We may not be entirely post-pandemic, but things have begun to return to a state of normalcy for many people, and the rest of us have to think positively, right? Of course, there’s a dramatic urge in many people to go back to normal, to return to the days before we were all afraid to touch any mail that hadn’t sat on the countertop for at least three days. But as a little rat said in a Pixar movie that was released way before the pandemic, “change is nature.” And there’s a reason it’s called a post-pandemic era and not the regular old era.
But what exactly does that mean? What does it look like to do something as simple yet emotionally powerful as giving a gift during the Holidays in the current age? How is it different from how we used to do it? Because it surely can’t be so drastic as to devote an entire article to the concept, right?
Well, you’d be right and wrong.
We don’t need to show a graph or cite a research paper to convince you that online shopping has experienced a bit of a spike since this disease landed. Even if you hadn’t dabbled in this arcane art yourself, you’d know about it through sheer cultural osmosis.
Giving gifts, in turn, has gone through a bit of a metamorphosis since no in-person meetups were going on. For example, one can simply order unique gifts online to be delivered without contact. We all lacked the immediate and emotional satisfaction of seeing someone’s face light up when the wrapping paper gives way just enough for a word or a picture to appear and give the whole game away. Or so it was for those of us who didn’t figure out how to use Zoom. To keep the tradition alive, many people took to opening their presents on camera, patiently keeping the gifts in the corner of their room until they could give their own gift of a smile and a laugh.
But most of the time, the opening was done alone, and the reactions were revealed later. This had a non-insignificant impact on the whole process, as it turns out.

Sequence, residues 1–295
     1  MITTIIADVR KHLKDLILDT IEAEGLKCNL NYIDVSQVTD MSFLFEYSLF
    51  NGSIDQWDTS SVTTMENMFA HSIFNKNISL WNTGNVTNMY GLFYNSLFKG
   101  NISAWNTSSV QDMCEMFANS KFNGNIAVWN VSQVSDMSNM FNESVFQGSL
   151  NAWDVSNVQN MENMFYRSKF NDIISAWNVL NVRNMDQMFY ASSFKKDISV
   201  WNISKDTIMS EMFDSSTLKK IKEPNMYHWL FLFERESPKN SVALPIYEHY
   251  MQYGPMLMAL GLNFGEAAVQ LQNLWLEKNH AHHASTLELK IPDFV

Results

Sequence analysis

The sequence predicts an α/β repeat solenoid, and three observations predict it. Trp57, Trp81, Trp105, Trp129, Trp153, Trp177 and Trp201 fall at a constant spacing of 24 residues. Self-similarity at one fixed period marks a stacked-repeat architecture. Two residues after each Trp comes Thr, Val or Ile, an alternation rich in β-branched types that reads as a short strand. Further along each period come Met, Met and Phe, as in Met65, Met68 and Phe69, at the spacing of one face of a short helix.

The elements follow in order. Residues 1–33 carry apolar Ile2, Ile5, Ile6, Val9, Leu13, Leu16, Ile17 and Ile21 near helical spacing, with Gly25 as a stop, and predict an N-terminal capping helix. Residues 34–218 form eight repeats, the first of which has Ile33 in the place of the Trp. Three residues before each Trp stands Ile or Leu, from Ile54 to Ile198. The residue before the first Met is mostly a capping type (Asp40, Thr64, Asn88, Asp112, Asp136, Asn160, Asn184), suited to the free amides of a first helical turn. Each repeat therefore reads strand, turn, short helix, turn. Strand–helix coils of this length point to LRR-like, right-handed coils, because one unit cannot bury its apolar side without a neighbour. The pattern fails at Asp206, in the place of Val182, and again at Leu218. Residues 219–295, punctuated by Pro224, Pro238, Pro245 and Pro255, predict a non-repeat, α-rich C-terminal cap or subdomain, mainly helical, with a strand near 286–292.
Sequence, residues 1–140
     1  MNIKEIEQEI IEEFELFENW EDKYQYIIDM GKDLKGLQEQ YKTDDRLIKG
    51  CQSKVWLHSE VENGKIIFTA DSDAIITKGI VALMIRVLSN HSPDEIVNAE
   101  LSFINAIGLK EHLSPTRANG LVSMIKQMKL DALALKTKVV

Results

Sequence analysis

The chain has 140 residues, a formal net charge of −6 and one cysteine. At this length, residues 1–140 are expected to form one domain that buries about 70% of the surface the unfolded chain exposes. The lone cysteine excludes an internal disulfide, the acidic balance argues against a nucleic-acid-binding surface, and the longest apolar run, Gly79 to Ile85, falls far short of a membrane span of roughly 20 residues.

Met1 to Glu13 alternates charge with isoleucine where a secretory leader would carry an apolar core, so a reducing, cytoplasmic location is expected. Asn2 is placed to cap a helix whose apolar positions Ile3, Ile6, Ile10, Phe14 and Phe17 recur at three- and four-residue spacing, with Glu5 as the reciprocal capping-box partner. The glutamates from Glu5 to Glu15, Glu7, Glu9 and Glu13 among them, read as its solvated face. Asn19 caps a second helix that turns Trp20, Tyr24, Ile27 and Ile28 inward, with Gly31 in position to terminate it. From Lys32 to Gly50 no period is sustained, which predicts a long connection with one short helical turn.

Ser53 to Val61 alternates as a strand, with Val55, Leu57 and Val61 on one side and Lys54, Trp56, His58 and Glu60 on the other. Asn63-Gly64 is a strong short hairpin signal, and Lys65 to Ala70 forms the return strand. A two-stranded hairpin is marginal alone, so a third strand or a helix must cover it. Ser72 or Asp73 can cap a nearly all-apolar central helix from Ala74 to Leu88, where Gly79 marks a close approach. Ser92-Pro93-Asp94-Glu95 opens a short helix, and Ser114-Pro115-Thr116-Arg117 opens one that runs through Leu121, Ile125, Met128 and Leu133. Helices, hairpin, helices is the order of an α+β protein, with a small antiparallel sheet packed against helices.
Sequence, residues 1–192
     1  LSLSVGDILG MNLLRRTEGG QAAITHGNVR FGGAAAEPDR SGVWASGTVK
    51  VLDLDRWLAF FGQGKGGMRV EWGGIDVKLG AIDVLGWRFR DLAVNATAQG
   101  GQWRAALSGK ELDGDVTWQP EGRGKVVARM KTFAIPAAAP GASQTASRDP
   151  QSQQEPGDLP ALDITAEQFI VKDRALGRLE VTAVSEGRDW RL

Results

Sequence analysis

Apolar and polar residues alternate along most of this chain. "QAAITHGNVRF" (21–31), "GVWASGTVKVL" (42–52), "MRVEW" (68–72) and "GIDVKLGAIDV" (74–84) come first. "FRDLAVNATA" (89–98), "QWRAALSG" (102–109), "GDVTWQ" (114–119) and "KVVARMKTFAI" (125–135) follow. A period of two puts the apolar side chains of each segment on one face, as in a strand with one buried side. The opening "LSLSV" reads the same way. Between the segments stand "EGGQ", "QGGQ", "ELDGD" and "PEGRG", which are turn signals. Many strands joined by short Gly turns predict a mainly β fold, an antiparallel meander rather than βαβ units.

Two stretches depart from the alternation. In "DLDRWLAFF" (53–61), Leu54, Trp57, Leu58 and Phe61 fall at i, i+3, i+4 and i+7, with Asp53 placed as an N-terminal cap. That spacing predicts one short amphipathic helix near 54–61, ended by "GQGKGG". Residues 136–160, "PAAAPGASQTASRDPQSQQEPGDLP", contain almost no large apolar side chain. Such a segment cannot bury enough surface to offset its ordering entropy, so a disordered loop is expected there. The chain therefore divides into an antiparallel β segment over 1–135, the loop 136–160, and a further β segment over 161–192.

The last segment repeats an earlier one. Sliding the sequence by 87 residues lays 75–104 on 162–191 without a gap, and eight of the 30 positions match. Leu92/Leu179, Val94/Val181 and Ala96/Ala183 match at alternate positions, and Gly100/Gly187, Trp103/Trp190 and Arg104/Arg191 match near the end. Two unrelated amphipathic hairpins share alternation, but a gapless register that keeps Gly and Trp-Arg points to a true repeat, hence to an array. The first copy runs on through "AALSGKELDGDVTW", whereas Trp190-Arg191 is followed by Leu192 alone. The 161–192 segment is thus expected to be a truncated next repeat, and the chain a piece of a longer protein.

Why do we give gifts? Well, the more cynical among us would throw a word like obligation around, and perhaps they wouldn’t be entirely wrong. However, we all know that’s not the whole story — not by a long shot. We are a social and empathetic species, so we are happy when those we care about are happy, and vice versa (hopefully). That’s still very much the case! In fact, almost more so.
Gift-giving has taken on an altered meaning in this day and age. Not a different meaning, mind you, an altered meaning. The happiness one hopes to give someone by buying something for them is a lot more purposeful now. It’s not simply about showing love and affection. It’s also about mending wounds. It’s about making up for time spent apart and reminding those you love that there is still good in the world — there are still things worth being excited about and passionate about.
On top of that, online data seems to suggest that the gifts being given aren’t just nice trinkets and tickets, but basic necessities and even just straight-up money, be it gift cards or cash. This suggests that gift-giving itself has become, on a broader scale, somewhat more utilitarian. However, it must be said that this is not a good excuse to give your children for why Santa gave them socks. Children don’t care about the shared culture of empathy. However, they do care about Spiderman and his absence from underneath the tree.
Now, this might hurt those of you out there who are hardcore traditionalists, but that same online data that spoke of practical gifts also speaks of a sudden shift in when those gifts are sent. Specifically, the presents that would normally be received within one to seven days are now being spread out far and wide across the calendar year. So instead of truckloads on one day, it’s sprinkled throughout the seasons, like the changing of the weather.
This makes sense, of course, if we consider that more presents tend to be functional rather than sentimental. It’s not exactly appropriate to wait until December 25th to send someone that wrench they’ve needed to fix the plumbing for months. However, this doesn’t mean presents on the big day are canceled. It just might mean the expectations might be a bit higher than usual.
But no matter how you do it this year or the contents of the presents, the fundamentals remain the same, as are the smiles of the recipients. Happy Holidays everyone.